GPay Limited crypto exchange which traded as XTraderFX was shut down by UK Regulators after investigation leading to a $1.5 million scam, as we are reading further in the upcoming cryptocurrency news.
The company has been on the radar of the Financial Conduct Authority over the past two years but the High Court hearing, before the Deputy Insolvency and Companies Court Judge Baister, forced it to close last week:
“This firm is not authorised by us and is targeting people in the UK. Based upon information we hold, we believe it is carrying on regulated activities which require authorisation.”
The investigators discovered that about 108 victims lost more than $1.5 million in total as a result of using the GPay Limited crypto exchange. The URL address www.xtraderfx.com now leads to another secure connection failed screen. The users became suspicious when asked to submit copies of their photo ID, debit/credit card, or utility bill, following a withdrawal request. While this is standard practice, especially from reputable crypto exchanges and had close ties to regulators as users usually have to deal with KYC and AML requirements during sign up.
David Hill, the chief investigator for the Insolvency Service, explained that the crypto exchange operated by GPay was actually a scam. Hill stressed the importance of conducting suitable checks on any trading platform mainly when bigger sums of money were involved:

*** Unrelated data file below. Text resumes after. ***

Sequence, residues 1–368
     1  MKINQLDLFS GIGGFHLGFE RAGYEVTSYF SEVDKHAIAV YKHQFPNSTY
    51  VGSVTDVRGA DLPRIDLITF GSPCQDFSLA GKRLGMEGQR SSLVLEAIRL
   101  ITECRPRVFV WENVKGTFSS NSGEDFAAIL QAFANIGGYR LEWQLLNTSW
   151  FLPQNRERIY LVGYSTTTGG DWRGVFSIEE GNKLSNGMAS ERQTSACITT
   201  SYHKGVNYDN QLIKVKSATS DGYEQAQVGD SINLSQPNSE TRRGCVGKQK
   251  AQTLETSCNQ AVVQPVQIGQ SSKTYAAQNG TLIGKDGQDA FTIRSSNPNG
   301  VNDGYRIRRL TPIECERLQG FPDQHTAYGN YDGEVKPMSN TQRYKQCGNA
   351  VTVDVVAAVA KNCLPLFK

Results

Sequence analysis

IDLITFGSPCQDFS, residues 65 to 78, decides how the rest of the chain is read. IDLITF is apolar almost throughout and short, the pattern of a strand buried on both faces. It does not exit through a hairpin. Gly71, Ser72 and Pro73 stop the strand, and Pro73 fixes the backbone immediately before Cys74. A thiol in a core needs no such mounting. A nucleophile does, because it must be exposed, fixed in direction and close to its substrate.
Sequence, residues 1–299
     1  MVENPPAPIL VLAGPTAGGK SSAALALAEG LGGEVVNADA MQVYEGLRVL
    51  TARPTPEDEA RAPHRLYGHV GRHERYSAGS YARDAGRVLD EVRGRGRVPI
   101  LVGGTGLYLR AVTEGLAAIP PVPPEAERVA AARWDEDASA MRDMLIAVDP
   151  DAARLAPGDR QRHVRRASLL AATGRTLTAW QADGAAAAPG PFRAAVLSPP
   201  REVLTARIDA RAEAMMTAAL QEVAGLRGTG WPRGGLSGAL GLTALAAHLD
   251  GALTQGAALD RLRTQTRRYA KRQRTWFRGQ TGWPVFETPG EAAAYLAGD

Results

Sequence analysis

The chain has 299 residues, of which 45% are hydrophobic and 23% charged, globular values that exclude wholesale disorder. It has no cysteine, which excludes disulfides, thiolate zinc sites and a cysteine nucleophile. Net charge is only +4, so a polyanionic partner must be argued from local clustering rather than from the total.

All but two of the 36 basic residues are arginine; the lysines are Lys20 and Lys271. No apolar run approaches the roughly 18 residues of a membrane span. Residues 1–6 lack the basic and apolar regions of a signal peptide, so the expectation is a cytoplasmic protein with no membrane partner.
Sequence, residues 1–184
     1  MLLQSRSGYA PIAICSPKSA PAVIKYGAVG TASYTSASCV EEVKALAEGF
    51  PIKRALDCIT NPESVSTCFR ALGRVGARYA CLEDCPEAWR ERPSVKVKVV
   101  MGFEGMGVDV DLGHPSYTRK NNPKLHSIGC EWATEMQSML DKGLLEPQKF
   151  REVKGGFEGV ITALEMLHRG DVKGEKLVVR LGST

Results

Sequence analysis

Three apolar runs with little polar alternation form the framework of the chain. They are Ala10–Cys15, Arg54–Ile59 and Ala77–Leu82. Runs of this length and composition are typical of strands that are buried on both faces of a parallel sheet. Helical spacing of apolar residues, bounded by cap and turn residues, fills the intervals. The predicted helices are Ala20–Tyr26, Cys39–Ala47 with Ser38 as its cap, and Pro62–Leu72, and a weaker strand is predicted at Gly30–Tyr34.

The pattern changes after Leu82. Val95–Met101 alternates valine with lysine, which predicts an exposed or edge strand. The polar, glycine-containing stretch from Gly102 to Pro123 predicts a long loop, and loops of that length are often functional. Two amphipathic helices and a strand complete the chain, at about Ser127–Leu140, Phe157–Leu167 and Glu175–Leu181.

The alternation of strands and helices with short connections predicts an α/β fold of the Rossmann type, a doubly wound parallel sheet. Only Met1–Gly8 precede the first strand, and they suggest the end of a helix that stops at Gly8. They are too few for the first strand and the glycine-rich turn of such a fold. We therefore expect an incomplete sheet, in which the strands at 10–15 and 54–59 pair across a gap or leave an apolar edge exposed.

“We welcome the court’s decision to wind up GPay as it will protect anyone else becoming a victim. This scam should also serve as a warning to anyone who conducts trading online that they should carry out appropriate checks before they invest any money that the company is registered and regulated by the appropriate authorities.”
The XtraderFX crypto trading platform using social media adverts in order to lure the beginner traders who were looking to get rich fast. The adverts used by XTraderFX featured images and the name of Martin Lewis from moneysavingexpert.com who is a known consumer champion in the UK Finance world. Lewis commented about Facebook and the time he became aware of the fraud back in 2018 but they lacked action which forced him to launch court proceedings against the social media giant on the ground of defamation.
Lewis claimed that more than 1000 scam adverts with his name and picture appeared on the social media platform even after he reported the problem. The problem was resolved by an agreement to withdraw all legal action if Facebook donated $3 million to Citizens Advice in order to deliver a new UK Scams Action project.
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